Another coarse distinction that has characterized the field of ATS is related to the methodological framework. Independently from the machine- or human-oriented purpose for which ATS is carried out, early computational approaches to the task were mostly based on hand-crafted rules targeting specific complex constructions informed by theoretical, cognitive, and computational linguistics literature. A special focus was put on the syntactic level with specific rules addressing the simplification of relative clauses, appositions, subordination, passive voice (Chandrasekar et al., 1996; Siddharthan, 2002, 2010). These methods can reach high precision and can potentially account for the maximum linguistic information, but they are extremely time-consuming and tend to cover only a few lexical and syntactic constructions. To overcome these drawbacks, much of current research is shifting toward data-driven techniques, most recently based on neural sequence-to-sequence models (Nisioi et al., 2017), which can automatically acquire from corpora the transformations occurring to sentences when they are manually simplified. The first fundamental requirement to allow the application of data-driven methods is the availability of large–scale monolingual parallel corpora, i.e., corpora containing the original and the simplified version of the same text possibly aligned at the sentence level. This is the main goal of the initiative launched by Wikipedia devoted to leveraging volunteers to create pages more easy-to-be read by everyone, both children and adults who are learning English. The efforts resulted in the first resource used for ATS purposes that include portions of English (EW) Wikipedia automatically aligned to Simple English Wikipedia (SEW) ones. It represented a benchmark because of its size and availability, mostly used by many ATS studies allowing both the development of machine learning algorithms and the evaluation of the quality of the automatic simplification results (Alva-Manchego et al., 2020b).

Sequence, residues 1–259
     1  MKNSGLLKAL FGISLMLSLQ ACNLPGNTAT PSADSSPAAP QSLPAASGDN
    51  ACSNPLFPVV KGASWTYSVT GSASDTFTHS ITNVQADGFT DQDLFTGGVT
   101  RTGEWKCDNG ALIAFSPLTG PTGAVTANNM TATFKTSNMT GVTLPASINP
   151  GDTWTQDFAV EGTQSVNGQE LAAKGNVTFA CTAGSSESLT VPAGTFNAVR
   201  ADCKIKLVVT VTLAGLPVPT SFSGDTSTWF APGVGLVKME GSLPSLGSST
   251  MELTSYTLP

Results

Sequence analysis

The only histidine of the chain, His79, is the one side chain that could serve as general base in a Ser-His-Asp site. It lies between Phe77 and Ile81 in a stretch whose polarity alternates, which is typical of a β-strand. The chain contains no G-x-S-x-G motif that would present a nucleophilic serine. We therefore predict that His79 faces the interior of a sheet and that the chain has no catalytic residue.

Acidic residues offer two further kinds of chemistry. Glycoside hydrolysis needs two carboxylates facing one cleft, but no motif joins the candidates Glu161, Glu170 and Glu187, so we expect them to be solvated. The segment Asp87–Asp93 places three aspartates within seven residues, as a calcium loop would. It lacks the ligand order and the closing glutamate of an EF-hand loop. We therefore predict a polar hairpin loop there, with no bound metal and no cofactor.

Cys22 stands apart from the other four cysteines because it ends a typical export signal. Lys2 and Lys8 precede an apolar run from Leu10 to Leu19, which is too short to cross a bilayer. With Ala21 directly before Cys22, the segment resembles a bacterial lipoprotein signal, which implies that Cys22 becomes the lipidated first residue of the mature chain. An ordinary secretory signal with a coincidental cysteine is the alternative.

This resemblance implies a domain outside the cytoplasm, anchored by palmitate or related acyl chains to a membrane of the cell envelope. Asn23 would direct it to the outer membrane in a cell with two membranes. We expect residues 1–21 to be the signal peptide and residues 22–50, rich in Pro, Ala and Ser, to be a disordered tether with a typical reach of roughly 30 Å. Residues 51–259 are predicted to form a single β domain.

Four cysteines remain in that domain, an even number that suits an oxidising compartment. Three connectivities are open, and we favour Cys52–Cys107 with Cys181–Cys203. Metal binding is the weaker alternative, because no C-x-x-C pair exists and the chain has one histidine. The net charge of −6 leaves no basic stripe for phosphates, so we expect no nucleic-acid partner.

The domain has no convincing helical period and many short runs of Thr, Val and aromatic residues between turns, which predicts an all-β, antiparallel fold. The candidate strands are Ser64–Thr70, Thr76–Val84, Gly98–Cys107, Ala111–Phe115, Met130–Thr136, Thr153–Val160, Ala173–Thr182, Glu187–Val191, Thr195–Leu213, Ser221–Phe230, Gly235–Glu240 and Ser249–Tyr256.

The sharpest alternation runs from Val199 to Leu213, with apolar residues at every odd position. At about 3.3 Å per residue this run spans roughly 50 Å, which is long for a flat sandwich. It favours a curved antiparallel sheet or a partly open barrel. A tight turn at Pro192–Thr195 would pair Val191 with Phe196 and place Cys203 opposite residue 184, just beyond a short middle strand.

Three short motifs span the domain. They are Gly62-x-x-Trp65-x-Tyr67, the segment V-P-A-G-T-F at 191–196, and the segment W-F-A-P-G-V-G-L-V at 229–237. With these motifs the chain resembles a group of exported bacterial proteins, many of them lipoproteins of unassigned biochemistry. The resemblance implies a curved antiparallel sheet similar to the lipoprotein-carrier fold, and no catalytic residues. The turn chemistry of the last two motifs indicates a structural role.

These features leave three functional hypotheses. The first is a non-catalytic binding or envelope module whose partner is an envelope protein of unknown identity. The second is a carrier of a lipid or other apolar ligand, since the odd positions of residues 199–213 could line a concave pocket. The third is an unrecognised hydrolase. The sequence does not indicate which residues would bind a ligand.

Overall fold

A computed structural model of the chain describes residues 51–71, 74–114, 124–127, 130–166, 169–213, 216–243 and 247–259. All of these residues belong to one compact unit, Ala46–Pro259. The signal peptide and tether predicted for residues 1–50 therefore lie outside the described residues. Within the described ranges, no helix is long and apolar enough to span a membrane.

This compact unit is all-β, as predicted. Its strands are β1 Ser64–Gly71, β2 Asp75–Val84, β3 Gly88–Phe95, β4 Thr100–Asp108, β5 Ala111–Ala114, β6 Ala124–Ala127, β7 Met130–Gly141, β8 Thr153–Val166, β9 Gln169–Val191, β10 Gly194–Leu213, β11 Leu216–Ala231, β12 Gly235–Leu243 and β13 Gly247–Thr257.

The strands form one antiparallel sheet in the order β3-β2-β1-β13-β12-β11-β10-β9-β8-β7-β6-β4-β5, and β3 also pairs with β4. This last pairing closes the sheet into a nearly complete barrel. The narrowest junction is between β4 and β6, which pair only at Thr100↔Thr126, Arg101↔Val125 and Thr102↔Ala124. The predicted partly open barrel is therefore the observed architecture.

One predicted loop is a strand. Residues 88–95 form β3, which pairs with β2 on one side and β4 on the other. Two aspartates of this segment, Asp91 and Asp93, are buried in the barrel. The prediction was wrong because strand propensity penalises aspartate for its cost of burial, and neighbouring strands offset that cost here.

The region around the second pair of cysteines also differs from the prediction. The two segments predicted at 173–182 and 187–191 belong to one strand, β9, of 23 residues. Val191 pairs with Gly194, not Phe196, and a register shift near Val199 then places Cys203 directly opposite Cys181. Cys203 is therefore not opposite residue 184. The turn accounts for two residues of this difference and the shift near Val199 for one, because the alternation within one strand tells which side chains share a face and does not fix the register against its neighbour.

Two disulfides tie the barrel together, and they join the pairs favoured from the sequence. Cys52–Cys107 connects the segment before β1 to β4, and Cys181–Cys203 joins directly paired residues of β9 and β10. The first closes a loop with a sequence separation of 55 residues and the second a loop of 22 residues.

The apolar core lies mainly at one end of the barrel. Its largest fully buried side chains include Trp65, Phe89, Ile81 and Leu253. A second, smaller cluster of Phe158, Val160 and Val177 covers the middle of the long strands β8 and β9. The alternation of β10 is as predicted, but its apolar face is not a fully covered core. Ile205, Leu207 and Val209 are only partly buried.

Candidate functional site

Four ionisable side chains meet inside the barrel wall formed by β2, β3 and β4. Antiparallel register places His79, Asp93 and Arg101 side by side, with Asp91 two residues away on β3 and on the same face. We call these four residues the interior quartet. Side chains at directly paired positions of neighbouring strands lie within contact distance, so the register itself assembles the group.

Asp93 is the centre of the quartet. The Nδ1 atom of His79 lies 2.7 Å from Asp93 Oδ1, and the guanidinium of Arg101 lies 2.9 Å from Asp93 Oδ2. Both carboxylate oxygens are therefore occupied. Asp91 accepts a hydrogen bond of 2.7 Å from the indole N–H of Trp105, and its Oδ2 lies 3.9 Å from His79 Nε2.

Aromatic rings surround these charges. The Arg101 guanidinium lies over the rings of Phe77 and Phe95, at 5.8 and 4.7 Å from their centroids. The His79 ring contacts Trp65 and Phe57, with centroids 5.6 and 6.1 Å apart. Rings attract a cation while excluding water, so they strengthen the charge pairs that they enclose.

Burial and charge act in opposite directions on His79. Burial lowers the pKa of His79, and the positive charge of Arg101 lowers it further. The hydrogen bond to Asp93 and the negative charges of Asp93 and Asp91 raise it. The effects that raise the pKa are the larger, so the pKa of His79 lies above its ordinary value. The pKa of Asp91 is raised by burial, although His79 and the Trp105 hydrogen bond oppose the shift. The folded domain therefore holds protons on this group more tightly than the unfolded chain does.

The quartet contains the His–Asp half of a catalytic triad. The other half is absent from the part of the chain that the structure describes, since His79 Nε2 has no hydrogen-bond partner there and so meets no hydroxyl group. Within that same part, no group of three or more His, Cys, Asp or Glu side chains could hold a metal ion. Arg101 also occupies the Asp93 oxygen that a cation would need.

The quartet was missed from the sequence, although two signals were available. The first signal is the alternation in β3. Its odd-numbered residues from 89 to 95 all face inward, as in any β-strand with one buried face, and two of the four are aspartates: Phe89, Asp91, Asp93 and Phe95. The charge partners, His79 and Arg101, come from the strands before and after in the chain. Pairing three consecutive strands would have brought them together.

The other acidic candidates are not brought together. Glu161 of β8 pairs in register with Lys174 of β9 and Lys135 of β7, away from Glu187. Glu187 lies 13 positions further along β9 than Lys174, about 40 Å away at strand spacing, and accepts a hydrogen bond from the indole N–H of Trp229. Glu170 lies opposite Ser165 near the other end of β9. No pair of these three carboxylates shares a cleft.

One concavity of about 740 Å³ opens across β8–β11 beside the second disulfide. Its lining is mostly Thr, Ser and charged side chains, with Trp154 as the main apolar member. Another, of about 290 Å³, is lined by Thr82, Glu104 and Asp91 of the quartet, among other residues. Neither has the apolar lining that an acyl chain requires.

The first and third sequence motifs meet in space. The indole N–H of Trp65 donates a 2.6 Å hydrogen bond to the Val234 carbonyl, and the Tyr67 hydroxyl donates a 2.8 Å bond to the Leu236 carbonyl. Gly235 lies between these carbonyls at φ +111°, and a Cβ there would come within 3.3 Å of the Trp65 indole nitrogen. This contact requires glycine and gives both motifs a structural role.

However, beyond size, there is a widespread consensus in the community that the quality of the simplified language resources is of fundamental importance and needs to be investigated in detail. This issue can be easily explained by drawing parallelism with the translation studies: in order to assess how good are simplified language resources, there should be a native simplified–language speaker who masters the target and the source language thus guaranteeing the quality of the translated texts (Siddharthan, 2014). But it is not the case since, as we introduced above, simplified texts should be differently conceived to reach a large number of target readers. This means that different varieties of simplified language exist with different characteristics that should be learned by ATS systems. In light of these considerations, the suitability of the Wikipedia-based resource for ATS applications has become quite debated (Bach et al., 2011; Woodsend and Lapata, 2011; Yasseri et al., 2012) and brought to the creation of new resources for the English language. To date, the most important one is the Newsela corpus (Xu et al., 2015), which contains original sentences extracted from newspaper articles and their simplified version at different readability levels by professional editors. Unlike parallel corpora derived from the original and simple English Wikipedia, the manually performed simplification guarantees very consistent alignments at the sentence level, as well as high quality of the linguistic transformations undergone by the original sentences (Xu et al., 2015; Scarton et al., 2018). As shown in the following section, during the last few years other resources have been built, but the Newsela corpus represents nowadays the most comprehensive benchmark for the English language since it includes the widest and qualitatively checked range of simplification operations.